Court said accused raised “novel constitutional arguments”
The British Columbia Court of Appeal has allowed judicial review of the extradition of an Indigenous man to face money laundering charges in the U.S., in a case the court said raised “novel constitutional arguments,” concerning the Charter rights of the extradited man, his children and their Indigenous heritage.
Glenn Sheck applied for judicial review of the federal Minister of Justice’s decision to surrender him to the U.S. to face charges of money laundering. Sheck is accused of directing 26 money laundering transactions between 2007 and 2012, which involved the proceeds of drug trafficking and amounted to over $7 million. Sheck is a father of four and is a member of the Bonaparte Indian Band.
In Sheck v. Canada (Minister of Justice), Justice Susan Griffin – writing for the majority – said Sheck argued the court needed to consider how his extradition would impact his children’s Charter rights, that as an Indigenous person his extradition engaged equality rights under s. 15 of the Charter and that an Indigenous person has “enhanced s. 6(1) Charter rights.”
The court was split two-to-one, with Justices Griffin and Bruce Butler ruling in Sheck’s favour and Justice Mary Saunders dissenting. The majority found that the minister had failed to consider the impact of separating Sheck from his children, “in light of their shared Indigenous heritage and the legacy of residential schools, and in light of the much longer separation that would occur if he was convicted and sentenced in the U.S. versus in Canada,” the decision states.
A memorandum from the Public Prosecution Service of Canada, delivered to the Department of Justice stated that Sheck would likely face 27 years in prison if convicted in the U.S., while his alleged crimes carry a maximum sentence of 10 years in Canada. The memorandum also advised, however, that the U.S. was the appropriate venue for his prosecution.
“The American legal system is a definitely a problematic system. The more we engage with it, the more we realize that they've got some serious problems,” says Ron Poulton, an immigration lawyer at Poulton Law in Toronto. “Having said that though, I'm still surprised.”
Poulton says the court rightly considered Sheck’s Indigenous heritage but that it is a “pretty far reach” to connect the systemic discrimination and historical harms experienced by Indigenous people to this case.
A high-school graduate who studied wood-products technology at a college, Sheck operated a wastewater treatment company and worked with his father as an electrical apprentice.
“It's a different case if it was a person who was on the streets and a drug addict and had been to the residential schools… But this guy is not that. He's a businessman who made a decision to expand his business to launder money. It has a different character to it. So, I'm not so sure that the Supreme Court's going to uphold [the decision],” Poulton says.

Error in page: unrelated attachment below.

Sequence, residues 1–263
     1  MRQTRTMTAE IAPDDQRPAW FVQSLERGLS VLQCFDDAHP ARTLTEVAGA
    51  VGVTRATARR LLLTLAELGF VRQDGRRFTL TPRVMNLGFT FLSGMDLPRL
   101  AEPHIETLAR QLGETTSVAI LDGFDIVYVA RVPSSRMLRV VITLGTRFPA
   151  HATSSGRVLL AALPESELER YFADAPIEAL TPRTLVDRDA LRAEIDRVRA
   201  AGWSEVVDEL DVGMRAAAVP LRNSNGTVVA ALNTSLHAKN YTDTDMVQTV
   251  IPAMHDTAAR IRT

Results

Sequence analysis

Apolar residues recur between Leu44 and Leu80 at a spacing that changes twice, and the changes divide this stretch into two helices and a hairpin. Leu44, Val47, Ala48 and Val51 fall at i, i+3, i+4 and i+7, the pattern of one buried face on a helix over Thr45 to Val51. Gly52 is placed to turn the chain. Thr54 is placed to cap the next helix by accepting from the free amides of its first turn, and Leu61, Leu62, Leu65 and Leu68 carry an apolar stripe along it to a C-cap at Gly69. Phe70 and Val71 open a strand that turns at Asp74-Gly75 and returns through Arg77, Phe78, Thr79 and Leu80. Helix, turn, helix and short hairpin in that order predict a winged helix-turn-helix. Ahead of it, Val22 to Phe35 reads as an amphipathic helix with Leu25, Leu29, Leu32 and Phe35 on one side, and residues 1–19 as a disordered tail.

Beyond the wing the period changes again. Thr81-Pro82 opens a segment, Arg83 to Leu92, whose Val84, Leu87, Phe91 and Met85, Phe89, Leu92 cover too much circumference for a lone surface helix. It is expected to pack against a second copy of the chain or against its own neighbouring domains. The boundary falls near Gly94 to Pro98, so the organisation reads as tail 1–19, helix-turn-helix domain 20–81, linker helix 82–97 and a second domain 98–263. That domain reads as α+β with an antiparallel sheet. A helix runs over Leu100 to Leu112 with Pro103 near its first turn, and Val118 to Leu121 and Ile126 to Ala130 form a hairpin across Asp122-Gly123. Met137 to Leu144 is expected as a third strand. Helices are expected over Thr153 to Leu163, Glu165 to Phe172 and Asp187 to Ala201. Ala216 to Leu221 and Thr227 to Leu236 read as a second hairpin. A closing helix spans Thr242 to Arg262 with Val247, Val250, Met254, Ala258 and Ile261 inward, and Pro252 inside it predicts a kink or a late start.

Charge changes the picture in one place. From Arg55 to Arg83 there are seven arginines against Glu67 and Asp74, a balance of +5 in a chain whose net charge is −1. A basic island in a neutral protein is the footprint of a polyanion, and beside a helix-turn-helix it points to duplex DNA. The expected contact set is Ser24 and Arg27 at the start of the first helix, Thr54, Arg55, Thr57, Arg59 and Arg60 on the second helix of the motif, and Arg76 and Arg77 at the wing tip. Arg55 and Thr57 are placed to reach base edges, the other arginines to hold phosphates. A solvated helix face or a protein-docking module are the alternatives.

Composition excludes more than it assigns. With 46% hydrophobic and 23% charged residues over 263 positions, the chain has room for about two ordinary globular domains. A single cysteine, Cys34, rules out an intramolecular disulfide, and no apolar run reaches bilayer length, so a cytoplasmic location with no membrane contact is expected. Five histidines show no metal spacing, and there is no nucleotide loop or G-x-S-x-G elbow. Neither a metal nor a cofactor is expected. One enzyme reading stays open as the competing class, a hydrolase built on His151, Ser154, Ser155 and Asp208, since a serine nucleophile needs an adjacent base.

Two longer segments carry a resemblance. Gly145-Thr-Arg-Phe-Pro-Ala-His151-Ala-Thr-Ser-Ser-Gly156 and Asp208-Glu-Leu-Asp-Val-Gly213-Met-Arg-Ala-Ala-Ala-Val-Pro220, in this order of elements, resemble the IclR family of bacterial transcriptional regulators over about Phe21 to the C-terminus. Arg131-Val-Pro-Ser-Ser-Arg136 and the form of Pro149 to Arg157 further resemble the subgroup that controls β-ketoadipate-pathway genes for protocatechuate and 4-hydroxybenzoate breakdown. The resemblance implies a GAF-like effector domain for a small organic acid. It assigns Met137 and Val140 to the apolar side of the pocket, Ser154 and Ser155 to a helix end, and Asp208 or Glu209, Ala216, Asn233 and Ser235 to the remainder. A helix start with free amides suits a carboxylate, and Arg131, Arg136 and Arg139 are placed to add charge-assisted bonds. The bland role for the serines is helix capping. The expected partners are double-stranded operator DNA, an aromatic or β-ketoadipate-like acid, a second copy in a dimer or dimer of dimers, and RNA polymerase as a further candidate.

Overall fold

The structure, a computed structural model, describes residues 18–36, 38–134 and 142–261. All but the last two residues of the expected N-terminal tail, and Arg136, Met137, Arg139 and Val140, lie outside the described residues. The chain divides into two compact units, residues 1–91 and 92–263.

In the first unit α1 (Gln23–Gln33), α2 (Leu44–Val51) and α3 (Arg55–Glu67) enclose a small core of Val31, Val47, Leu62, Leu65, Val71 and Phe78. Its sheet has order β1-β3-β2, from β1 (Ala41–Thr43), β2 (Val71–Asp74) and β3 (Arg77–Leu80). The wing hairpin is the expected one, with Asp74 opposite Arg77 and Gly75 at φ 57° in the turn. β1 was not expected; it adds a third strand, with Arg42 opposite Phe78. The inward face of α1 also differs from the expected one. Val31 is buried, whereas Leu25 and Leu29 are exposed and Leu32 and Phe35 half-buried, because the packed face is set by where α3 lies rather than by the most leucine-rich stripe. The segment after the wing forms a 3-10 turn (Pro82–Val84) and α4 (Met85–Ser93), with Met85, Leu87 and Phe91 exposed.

Sheck was committed for extradition by an extradition judge in November 2017 and his surrender was ordered by Minister of Justice Jody Wilson-Raybould in May 2018, says Kelly Crowe, a spokesperson for the Department of Justice.
“The Attorney General of Canada is carefully considering the decision of the majority and has no further response at this time,” Crowe told Canadian Lawyer.
In extradition proceedings, the justice minister must find that the case represents a reasonable limit to the accused person’s rights under s. 6(1) of the Charter, that “every citizen of Canada has the right to enter, remain in and leave Canada.” The minister must then look at the Cotroni factors, named for the 1989 Supreme Court of Canada case United States of America v. Cotroni. The factors look at which jurisdiction has a greater link to the crime or a greater ability to prosecute, the nationality of the accused and the severity of the sentence they will receive in either jurisdiction.
When it comes to the rights of the person being threatened with extradition, the minister is required to consider two tests, whether extraditing would “shock the conscience” of Canadians or be “unjust or oppressive,” states the decision.
Also relevant to extradition cases of Indigenous Canadians are the Gladue factors, requiring the court to analyze how the offender’s Indigenous heritage and the systemic disadvantages and historical trauma have played into them finding their way before the court.
Poulton says the “shock the conscience” test comes from the 1991 Supreme Court of Canada case Kindler v. Canada (Minister of Justice), which found that an extradition must be refused if the conditions the accused would find themselves in would shock the conscience of Canadians, for example, if they will face the death penalty or torture. The shock-the-conscience bar was set at the death penalty and torture because the Court in Kindler, and in subsequent cases dealing with the same issue, considered the United Nations, standards in other countries and generally accepted, basic human rights protections, says Poulton.
“It's always been a really hard bar to reach. In this case, the bar has really been lowered – really lowered to include ‘their penalties are harsher than ours.’ They are, but does that shock the conscience when it doesn't reach the death penalty or torture? And … failing to consider the interests of the children and the Indigenous context? So, it's a strange decision,” he says.